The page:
For Democrats, the Affordable Care Act’s individual mandate—widely viewed as the centerpiece of President Barack Obama’s healthcare reform law—appears to be a third rail. On March 14, 2014, an amended version of H.R. 4015, authored by Rep. Dave Camp (R-Mich.), chairman of the House Ways and Means Committee, was approved by the House, 238-181, but because the bill sought to pay for a permanent SGR fix by delaying the healthcare reform law’s individual mandate, it was deemed dead on arrival in the Democratic-controlled Senate.

In like manner, for Republicans, the idea that there are funds available from lower-than-projected future spending on Overseas Contingency Operations (OCO)—military operations in Iraq and Afghanistan—is a kind of third rail. In 2012, Rep. Allyson Schwartz (D-Pa.) introduced to the House the Medicare Physician Payment Innovation Act of 2012 (H.R. 5707), which sought to use OCO savings to fund a permanent SGR reform. But a letter from Sen. Tom Coburn (R-Md.) and Sen. Joe Lieberman (I-Conn.) dismissed this idea, stating, “The funds allocated for OCO or ‘war savings’ are not real, and every member of Congress knows this.”b

Nevertheless, in March 2014, Wyden and Sen. Harry Reid (D-Nev.) resurfaced and promoted the idea of using OCO savings to fund a permanent SGR fix, with S. 2157 proposing to limit discretionary appropriations for OCO for 2016-21 to a total of $404 billion. The proposal was projected to save $197.1 billion, more than enough the cover the bill’s estimated $180.3 billion cost.c That said, an aide to Reid admitted, “It’s very clear that Republicans simply will not support it.”

March 31, 2014—the last day before the aforementioned 24.4 percent reduction to the physician fee schedule was to take effect—threw into sharp relief both third rails. In a last-ditch effort to get a permanent SGR fix passed, Wyden asked the Senate for unanimous consent to move S. 2157. Immediately, Sen. Jeff Sessions (R-Ala.), the ranking Republican on the Senate budget committee, rose to object to Wyden’s request, killing the motion. “Budget experts tell us that paying for this through OCO is a mother of gimmicks,” Sessions said. He countered with a similar motion for the Senate to pass a Republican alternative, the amended version of H.R. 4015, that would fund the SGR fix by repealing the ACA’s individual mandate. Wyden immediately shot down the proposal.e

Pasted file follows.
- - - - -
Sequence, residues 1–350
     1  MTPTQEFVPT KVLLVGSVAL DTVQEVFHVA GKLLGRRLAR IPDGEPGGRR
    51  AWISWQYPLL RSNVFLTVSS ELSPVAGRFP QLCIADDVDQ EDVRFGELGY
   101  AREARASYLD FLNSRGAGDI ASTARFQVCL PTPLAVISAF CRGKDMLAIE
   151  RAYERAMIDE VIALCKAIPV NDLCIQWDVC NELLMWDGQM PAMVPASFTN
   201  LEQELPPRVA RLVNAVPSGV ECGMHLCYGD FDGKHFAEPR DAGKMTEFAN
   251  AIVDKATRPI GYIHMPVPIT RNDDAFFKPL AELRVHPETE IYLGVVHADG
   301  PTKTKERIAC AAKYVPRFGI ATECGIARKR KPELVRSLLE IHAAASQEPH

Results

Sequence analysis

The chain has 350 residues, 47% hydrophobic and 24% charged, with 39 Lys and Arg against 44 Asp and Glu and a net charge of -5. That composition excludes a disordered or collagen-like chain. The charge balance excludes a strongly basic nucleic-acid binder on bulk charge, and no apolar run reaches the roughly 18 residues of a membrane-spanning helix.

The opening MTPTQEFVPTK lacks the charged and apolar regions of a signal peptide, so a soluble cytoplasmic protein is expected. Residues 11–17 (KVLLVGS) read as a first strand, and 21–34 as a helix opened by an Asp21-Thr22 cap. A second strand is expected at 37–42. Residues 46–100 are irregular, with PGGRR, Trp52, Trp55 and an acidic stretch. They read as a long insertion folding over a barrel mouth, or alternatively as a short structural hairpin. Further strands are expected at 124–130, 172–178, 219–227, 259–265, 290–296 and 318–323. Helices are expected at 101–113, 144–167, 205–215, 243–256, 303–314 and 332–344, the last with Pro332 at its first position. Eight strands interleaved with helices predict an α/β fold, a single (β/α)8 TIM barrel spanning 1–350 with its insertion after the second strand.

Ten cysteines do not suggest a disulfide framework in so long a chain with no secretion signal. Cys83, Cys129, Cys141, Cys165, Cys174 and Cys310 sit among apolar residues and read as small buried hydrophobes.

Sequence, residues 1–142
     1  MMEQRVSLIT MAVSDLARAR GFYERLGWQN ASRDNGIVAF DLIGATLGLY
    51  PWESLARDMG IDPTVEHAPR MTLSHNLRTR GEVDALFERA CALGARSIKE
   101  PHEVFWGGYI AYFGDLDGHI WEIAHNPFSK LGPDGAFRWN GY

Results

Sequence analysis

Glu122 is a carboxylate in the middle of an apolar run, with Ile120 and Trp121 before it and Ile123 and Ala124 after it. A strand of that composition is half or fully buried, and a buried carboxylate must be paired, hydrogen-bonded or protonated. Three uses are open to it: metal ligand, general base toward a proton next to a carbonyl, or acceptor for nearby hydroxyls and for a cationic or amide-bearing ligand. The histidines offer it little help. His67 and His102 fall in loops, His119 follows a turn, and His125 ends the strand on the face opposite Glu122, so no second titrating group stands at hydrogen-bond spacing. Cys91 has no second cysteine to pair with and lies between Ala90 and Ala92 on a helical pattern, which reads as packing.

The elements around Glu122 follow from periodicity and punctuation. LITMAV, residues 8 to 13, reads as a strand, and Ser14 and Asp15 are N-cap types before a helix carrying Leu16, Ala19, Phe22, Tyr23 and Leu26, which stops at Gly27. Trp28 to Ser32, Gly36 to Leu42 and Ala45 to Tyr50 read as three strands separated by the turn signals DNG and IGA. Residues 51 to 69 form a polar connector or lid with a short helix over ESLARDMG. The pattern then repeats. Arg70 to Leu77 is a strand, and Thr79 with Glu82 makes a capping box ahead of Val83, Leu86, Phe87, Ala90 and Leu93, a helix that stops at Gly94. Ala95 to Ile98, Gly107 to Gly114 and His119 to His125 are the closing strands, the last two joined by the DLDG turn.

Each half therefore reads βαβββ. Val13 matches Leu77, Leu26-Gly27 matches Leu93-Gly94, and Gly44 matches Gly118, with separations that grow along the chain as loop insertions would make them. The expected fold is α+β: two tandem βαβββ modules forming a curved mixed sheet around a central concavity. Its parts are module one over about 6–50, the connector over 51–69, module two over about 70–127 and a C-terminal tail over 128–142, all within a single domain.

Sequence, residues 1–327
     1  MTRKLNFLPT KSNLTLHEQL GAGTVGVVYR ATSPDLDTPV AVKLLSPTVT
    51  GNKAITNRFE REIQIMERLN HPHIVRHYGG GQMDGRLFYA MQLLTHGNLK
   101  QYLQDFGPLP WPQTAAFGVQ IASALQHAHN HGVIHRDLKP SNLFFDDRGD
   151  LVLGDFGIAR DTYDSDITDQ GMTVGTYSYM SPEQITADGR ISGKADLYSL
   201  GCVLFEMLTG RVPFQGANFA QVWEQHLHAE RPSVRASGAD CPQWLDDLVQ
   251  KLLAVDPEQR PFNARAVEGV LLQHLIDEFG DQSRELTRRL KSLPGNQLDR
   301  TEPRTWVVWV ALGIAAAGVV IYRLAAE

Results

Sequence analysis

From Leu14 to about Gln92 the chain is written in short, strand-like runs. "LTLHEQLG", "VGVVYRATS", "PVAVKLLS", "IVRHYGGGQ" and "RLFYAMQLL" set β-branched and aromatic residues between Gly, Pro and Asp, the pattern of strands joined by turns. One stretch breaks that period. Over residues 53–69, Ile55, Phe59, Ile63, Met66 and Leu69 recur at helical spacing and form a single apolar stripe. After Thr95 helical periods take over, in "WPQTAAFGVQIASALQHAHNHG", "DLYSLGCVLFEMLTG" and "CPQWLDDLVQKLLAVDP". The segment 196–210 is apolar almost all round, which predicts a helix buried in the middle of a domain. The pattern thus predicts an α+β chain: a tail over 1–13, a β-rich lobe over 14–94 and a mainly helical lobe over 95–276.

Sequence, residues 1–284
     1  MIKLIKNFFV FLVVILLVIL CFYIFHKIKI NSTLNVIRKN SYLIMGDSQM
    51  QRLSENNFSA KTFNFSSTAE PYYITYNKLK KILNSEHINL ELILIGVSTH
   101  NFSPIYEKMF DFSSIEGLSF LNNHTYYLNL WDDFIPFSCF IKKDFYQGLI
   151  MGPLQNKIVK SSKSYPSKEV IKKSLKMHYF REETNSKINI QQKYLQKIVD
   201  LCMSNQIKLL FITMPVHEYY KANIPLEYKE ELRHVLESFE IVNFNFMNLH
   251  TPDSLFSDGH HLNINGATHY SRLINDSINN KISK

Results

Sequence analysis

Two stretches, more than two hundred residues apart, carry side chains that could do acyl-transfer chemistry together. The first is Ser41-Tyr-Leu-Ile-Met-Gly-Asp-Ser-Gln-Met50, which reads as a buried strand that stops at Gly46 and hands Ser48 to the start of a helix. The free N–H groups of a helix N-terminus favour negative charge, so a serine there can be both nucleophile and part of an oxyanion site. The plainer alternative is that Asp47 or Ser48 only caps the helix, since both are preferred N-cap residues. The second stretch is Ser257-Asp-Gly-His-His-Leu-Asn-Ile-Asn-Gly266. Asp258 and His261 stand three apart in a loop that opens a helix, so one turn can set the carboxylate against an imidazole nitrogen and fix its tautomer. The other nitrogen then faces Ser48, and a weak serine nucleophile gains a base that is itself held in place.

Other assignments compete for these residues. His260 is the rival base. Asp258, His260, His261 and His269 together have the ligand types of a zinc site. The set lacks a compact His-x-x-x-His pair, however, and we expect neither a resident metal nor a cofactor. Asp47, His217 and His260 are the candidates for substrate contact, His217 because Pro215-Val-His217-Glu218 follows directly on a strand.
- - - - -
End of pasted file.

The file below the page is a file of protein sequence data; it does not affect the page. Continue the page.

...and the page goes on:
Kicking the Can Way Down the Road

Although Speaker of the House John Boehner (R-Ohio) and Reid both say they will still work toward a permanent SGR repeal, the 12-month duration of the new law implicitly acknowledges how unlikely it is that the two political parties will come together to pass another doc fix of any sort during the midterm election campaign season this fall. 

It’s hard to imagine, but the next Congress is likely to be even more ideologically riven, as the Republicans have signaled that they will make Obamacare the central issue in the upcoming elections, while President Obama and his party seek to defend the cornerstone of his legislative legacy. 

Given these fiscal and political realities, it is even harder to imagine Congress passing a broad deficit-reduction plan that incorporates numerous new healthcare reform components that would together fund a permanent doc fix. Thus, this most recent SGR patch might constitute a kicking of the can way down the road, with passage of another one-year or possibly two-year fix in 2015. Permanent SGR reform would then be on the horizon in early 2017, after the 2016 elections. These elections may result in changes in the White House and Congress that we can only hope will create an environment more conducive to constructive compromise.  


Ken Perez is vice president of healthcare policy, Omnicell, Inc., Mountain View, Calif., and a member of HFMA’s Northern California Chapter.


footnotes

a. Kenen, J., “6 Million and Counting,” “Afternoon PULSE,” POLITICO Pro, March 27, 2014.

b. Coburn, T., and Lieberman, J., letter to Sen. Harry Reid and Sen. Mitch McConnell, Feb. 2, 2012.

c. “CBO Cost Estimate of S. 2157, the Commonsense Medicare SGR Repeal and Beneficiary Access Improvement Act of 2014, as Introduced on March 25, 2014,” Congressional Budget Office, March 31, 2014. 

d. Haberkorn, J., “House ‘Doc Fix’ Vote in Doubt,” POLITICO Pro, March 27, 2014. 

e. Frank, J. N., “BREAKING: Late Effort to Advance Permanent SGR Fix Fails in Senate,” Modern Healthcare, March 31, 2014.

Publication Date: Thursday, May 01, 2014